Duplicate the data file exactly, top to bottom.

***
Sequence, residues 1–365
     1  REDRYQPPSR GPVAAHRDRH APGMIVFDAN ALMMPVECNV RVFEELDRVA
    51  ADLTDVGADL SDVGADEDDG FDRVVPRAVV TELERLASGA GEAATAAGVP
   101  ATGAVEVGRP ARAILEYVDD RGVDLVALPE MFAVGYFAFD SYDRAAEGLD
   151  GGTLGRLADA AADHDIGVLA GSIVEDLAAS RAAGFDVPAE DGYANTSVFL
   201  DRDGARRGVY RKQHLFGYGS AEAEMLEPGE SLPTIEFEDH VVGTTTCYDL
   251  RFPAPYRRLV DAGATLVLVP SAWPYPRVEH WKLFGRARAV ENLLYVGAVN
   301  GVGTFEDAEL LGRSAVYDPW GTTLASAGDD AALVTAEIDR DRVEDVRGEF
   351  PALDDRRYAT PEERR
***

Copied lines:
Sequence, residues 1–365
     1  REDRYQPPSR GPVAAHRDRH APGMIVFDAN ALMMPVECNV RVFEELDRVA
    51  ADLTDVGADL SDVGADEDDG FDRVVPRAVV TELERLASGA GEAATAAGVP
   101  ATGAVEVGRP ARAILEYVDD RGVDLVALPE MFAVGYFAFD SYDRAAEGLD
   151  GGTLGRLADA AADHDIGVLA GSIVEDLAAS RAAGFDVPAE DGYANTSVFL
   201  DRDGARRGVY RKQHLFGYGS AEAEMLEPGE SLPTIEFEDH VVGTTTCYDL
   251  RFPAPYRRLV DAGATLVLVP SAWPYPRVEH WKLFGRARAV ENLLYVGAVN
   301  GVGTFEDAEL LGRSAVYDPW GTTLASAGDD AALVTAEIDR DRVEDVRGEF
   351  PALDDRRYAT PEERR